The pros and cons of tort auto insurance

Tort Auto Insurance System

One of the often cited flaws in the fault system is delay in delivering benefits in the severe case, and an undue emphasis on all-at-one-time payments. Going back to the Oregon program, this defect has been solved by offering short-term economic benefits on a no-fault basis, later deducted from any lump-sum jury award or settlement based on fault. Again, this illustrates the fundamental compatibility of fault and no-fault. Find SR22 insurance policies in your state.

Thus far, the legal and judicial sides of the issue have been under fire. Now we must look at the role of insurance in a system of law. To now, the mission of the law has been to identify and enforce legal rights and responsibilities. Insurance has served the function of providing indemnity for what the law was willing to compensate. With the introduction of no-fault principles, will the tail now be wagging the dog? We are asked to abandon fundamental ideas of fault and individual responsibility for a legal system more compatible with a decrease in the price of insurance. The question is raised as to whether what is in the best interest of the insurance industry will be ultimately best for the public.

Most of the complaints about the fault system have been generated by conditions spawned by the insurance industry.

The industry has allowed the quality of its service to decline to a point where it is no longer able to cope with accident volume. For years, companies demonstrated a devotion to outmoded claim-handling techniques as well as a lack of imagination in devising better ways to serve the public. For example, the industry did not use the telephone for investigation of automobile personal injury claims until well into the 1960’s, when Liberty Mutual pioneered the end of the cumbersome method of personal contact insisted upon by claims departments.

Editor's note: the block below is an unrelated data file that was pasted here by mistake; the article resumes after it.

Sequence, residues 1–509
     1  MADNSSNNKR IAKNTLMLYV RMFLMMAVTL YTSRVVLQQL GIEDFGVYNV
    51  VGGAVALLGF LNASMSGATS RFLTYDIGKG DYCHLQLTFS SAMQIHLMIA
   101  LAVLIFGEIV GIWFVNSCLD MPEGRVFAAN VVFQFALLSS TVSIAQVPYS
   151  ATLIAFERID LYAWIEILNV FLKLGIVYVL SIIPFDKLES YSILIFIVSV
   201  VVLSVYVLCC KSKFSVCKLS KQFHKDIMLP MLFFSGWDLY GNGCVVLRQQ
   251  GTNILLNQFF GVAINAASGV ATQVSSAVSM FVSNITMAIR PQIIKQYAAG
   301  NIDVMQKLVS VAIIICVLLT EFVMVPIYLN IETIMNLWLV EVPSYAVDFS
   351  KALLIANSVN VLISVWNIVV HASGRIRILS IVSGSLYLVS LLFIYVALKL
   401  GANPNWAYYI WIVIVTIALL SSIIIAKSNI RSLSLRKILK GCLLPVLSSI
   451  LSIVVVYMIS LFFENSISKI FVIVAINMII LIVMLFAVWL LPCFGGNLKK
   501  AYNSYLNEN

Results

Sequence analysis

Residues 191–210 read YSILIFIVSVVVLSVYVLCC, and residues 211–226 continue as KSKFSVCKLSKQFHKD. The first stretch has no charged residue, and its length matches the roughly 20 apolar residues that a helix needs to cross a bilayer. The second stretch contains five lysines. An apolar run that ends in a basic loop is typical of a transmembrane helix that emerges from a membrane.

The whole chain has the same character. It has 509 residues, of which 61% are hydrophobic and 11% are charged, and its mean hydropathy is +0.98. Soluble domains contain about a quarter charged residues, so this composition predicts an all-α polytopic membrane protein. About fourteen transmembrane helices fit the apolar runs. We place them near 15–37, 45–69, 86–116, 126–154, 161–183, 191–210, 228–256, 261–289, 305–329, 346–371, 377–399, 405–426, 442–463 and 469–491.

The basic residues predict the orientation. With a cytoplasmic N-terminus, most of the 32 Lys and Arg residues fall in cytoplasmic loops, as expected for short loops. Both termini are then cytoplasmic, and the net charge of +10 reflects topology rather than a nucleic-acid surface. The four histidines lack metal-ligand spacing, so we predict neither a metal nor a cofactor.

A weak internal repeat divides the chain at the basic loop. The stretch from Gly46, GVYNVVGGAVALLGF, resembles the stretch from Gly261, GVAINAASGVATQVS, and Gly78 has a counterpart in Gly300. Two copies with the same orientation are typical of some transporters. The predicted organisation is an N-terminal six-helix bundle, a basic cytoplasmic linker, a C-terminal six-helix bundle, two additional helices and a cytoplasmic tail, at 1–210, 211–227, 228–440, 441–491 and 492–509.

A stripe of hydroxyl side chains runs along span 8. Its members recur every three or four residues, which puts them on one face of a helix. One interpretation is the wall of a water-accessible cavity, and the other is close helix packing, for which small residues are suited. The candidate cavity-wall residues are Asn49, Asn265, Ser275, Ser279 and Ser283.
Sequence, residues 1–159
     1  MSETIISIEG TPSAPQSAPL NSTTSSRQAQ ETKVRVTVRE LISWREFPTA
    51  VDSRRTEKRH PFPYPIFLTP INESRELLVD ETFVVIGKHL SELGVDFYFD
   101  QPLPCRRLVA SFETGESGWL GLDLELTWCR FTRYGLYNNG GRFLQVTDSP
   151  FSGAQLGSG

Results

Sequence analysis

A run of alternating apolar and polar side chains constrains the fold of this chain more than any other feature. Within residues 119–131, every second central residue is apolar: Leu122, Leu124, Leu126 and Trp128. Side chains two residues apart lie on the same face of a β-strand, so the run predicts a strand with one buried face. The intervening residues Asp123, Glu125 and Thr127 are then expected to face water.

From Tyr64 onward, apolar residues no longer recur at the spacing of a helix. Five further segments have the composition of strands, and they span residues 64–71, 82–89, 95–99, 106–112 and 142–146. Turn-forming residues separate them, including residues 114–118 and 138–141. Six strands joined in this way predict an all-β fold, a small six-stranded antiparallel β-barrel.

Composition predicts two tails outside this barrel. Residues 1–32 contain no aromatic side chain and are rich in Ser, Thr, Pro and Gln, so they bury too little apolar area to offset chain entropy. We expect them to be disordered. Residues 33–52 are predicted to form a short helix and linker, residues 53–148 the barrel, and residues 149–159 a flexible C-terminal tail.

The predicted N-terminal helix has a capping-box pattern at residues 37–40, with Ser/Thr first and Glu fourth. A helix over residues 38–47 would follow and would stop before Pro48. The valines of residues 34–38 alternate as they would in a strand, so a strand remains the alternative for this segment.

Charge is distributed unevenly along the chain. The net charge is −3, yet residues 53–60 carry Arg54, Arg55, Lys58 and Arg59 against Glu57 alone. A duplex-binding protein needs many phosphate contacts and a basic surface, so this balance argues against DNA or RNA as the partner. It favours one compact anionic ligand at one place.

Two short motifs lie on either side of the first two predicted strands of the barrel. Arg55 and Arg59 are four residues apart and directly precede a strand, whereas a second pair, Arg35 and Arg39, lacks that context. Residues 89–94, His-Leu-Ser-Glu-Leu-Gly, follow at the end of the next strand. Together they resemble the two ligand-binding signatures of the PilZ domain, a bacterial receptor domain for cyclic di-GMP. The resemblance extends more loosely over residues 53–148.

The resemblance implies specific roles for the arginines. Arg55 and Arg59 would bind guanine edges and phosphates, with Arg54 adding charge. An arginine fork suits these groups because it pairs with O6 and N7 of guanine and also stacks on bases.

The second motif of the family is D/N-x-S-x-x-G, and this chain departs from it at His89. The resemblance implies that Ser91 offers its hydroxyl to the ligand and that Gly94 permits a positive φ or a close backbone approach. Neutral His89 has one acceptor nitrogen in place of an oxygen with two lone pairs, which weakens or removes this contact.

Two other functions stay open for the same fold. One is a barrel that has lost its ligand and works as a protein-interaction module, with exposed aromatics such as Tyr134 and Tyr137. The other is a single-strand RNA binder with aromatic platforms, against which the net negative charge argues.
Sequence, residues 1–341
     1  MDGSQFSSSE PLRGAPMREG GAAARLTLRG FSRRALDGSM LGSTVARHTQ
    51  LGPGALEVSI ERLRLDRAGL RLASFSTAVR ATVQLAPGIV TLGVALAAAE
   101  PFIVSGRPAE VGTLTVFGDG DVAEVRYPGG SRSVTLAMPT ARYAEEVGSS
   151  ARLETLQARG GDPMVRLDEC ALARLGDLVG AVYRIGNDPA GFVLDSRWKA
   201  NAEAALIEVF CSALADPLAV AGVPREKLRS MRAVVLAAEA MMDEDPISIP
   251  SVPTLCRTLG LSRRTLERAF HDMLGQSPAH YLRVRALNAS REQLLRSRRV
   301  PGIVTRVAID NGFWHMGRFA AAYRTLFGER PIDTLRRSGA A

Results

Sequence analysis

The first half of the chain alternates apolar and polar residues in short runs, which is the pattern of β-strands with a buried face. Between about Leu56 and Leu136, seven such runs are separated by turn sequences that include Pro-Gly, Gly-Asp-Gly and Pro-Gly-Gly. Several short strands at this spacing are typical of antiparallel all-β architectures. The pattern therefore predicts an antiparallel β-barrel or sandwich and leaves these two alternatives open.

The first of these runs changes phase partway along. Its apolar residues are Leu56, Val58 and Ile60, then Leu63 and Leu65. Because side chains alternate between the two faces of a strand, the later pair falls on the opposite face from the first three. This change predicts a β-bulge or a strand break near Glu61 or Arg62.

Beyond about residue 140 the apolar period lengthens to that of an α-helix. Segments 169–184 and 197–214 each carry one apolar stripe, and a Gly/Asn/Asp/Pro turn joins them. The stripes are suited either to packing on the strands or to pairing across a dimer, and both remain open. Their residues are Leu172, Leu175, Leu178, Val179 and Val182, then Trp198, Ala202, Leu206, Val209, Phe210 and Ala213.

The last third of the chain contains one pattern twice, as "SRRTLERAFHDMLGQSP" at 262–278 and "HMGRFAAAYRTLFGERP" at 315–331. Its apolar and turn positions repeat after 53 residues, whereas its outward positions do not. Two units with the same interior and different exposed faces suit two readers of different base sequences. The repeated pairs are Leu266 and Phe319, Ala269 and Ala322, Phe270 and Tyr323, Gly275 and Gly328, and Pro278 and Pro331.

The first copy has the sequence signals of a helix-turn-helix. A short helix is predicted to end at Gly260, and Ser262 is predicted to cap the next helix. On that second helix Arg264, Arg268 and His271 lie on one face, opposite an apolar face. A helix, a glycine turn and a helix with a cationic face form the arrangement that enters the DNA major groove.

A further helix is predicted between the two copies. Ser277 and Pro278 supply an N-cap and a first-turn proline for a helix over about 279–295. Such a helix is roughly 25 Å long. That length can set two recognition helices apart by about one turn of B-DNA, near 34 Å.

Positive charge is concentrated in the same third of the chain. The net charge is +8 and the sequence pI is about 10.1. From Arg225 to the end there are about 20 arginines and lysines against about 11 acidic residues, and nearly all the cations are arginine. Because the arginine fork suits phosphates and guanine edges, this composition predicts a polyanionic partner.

Settlement discussions were frequently conducted in a hostile way, which led to public condemnation of not only the insurance companies but the negligence system itself.

The record is replete with examples of underwriting blackouts in high-risk areas, insurance company bankruptcies, arbitrary cancellations, deceptive advertising practices, poor and dilatory claim handling, and take-it-or-leave-it settlement tactics. No-fault can do nothing to alter these factors if the industry itself is not willing to change. Changing the law of negligence will not result in any better performance unless a closer scrutiny by the licensing authorities results in effective changes.

The state agencies must insist on action. The habitually poor performance of the insurers has become so intertwined with the public’s general understanding of this system as to threaten the existence of the law of negligence. The tort system has been made the scapegoat of unfair practices, far beyond the scope and control of the law.

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